BALTIMORE (WMAR) — During this pandemic, so many Marylanders have needed medical care. For some, with that comes the burden of medical debt; the potential to be sued and pulled deeper into poverty. But a new bill would protect patients from that.
"No family deserves to go through what we did. To lose their home because of medical debt," said Nick Mostris.
For Mostris and his Harford County family, it started in the 1990s. His dad was diagnosed with a rare and chronic disease. He got treatment for 15 years before he died. But still, the bills rolled in
"I saw the shock and the stress of the bills take over my mothers' every waking moment," said Mostris.
A lien was ultimately placed on her home. After she died, Mostris was force to sell it.
"The original bill was just $6,000. Now it had become over $26,000 in interest, late fees, court fees and attorney fees," said Mostris. "Why is right for hospitals to profit sick and dying people?"
It’s one story of many. The Maryland Consumer Rights Coalition said between 2008 and 2018, Maryland hospitals filed over 140,000 lawsuits against former patients to collect debt, often targeting communities of color that are now adversely affected by COVID-19. Nurse Kim Walsh said the fear is keeping some from seeking medical care.
"The COVID-19 pandemic has really driven home the understanding that avoiding necessary care puts lives at risk and it can lead to the spread of more disease," said Walsh.
It’s why they are pushing for the passage of the Medical Debt Protection Act.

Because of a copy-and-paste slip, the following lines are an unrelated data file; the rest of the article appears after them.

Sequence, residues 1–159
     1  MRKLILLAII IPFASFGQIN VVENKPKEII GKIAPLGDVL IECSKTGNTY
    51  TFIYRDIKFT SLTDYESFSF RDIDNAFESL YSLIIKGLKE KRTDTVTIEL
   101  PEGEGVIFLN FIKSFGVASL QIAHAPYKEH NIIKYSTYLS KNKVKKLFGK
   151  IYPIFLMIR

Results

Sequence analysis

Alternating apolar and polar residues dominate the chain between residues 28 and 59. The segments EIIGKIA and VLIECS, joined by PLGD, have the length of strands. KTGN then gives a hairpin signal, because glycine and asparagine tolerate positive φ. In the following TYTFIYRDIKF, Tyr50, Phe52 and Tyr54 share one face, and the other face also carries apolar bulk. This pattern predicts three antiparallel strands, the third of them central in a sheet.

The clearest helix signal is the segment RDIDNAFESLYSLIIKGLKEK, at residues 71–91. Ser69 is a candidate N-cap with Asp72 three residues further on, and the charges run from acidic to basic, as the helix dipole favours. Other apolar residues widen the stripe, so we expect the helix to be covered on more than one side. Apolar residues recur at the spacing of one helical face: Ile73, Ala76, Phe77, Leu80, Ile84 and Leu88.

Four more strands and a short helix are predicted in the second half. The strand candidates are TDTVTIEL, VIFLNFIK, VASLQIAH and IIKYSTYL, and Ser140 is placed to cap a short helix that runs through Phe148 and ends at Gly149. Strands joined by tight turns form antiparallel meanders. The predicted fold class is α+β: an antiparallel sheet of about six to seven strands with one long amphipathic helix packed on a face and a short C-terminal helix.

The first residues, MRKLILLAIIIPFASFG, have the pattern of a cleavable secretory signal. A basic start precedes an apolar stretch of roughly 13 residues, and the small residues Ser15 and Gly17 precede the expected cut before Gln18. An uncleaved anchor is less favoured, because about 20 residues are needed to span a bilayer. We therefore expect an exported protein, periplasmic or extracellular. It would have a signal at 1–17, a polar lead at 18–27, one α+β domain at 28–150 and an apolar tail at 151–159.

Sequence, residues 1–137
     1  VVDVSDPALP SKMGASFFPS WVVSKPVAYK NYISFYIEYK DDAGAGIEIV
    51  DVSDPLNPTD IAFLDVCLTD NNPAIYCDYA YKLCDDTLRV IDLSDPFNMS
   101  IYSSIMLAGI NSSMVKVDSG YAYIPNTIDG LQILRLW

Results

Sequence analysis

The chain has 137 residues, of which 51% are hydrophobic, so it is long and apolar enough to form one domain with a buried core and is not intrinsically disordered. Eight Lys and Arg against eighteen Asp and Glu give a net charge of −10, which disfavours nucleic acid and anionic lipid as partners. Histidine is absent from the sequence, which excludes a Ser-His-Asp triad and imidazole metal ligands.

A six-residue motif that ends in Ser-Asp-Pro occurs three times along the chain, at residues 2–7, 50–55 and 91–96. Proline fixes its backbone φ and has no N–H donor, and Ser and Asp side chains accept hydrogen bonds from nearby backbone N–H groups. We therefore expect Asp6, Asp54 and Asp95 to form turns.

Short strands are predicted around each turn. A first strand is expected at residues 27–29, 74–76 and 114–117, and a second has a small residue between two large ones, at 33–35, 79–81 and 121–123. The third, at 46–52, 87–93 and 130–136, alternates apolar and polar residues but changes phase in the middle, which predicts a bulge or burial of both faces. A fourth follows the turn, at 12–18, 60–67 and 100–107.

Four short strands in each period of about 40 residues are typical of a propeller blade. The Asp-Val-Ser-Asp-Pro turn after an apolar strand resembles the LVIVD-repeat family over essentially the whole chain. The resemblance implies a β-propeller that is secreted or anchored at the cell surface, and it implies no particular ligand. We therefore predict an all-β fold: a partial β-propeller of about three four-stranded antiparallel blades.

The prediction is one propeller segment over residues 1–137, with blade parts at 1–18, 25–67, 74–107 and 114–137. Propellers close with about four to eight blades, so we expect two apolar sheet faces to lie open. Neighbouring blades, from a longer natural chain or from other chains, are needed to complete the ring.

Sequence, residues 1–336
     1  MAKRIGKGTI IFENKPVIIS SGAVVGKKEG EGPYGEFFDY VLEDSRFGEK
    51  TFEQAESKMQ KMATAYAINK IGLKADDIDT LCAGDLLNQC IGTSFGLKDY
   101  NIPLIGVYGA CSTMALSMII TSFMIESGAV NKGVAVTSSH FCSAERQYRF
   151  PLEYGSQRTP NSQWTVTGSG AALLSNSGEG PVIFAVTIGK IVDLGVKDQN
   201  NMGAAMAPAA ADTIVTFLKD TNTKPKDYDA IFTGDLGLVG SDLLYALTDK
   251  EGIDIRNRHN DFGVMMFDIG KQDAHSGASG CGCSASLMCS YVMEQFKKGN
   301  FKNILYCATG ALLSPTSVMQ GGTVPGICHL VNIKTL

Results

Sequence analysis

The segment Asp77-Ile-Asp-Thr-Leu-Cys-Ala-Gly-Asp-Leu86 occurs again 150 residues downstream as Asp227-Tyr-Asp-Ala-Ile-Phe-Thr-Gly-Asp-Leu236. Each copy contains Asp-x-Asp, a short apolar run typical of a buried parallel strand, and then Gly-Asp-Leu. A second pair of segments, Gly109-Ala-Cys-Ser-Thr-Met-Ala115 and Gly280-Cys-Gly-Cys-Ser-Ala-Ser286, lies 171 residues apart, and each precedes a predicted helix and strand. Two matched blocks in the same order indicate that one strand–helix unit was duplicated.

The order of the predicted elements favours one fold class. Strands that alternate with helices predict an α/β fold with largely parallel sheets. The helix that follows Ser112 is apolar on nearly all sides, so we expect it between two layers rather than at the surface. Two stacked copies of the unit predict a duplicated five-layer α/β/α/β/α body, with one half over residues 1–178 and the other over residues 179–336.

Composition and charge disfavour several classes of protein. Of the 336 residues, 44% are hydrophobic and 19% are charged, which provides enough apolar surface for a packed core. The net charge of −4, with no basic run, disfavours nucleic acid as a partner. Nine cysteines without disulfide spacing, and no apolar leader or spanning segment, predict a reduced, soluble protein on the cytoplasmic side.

It allows hospitals to continue debt collection, but puts protections in place, prohibiting lawsuits for all medical debts of $1,000 or less and stopping property liens to satisfy medical debt judgments.
"It sets guardrails so that people are not dragged into court over $250, having to miss work and have all of that stress. It sets guardrails so that people have a shot at paying bills back through a reasonable payment plan before things are turned over to debt collectors," said Del. Lorig Charkoudian, the bill sponsor.
The Maryland Department of Legislative Services said in the bills' Fiscal and Policy Note that restricting actions hospitals can take to recover medical debt will increase uncompensated care, leading to an unknown increase in expenses for health insurers, Medicaid, and self-pay patients.
The Maryland Hospital Association President Bob Atlas said in a statement: "Maryland hospitals want everyone to know we’re committed to delivering the care people need without imposing financial hardship. Hospitals already have taken many steps to ensure that people who are uninsured or whose insurance coverage has large gaps receive appropriate aid based on demonstrated need.
While we support the intent of the bill, there are some areas of concern. The complex provisions of this proposal demand careful thought to prevent unintended adverse consequences and get to the root of these issues. We will continue to listen to and to work with anyone who can offer sensible suggestions to improve the processes hospitals use to administer the payment process."
There was a House committee hearing on the bill Tuesday and it’s being heard by a Senate committee next week.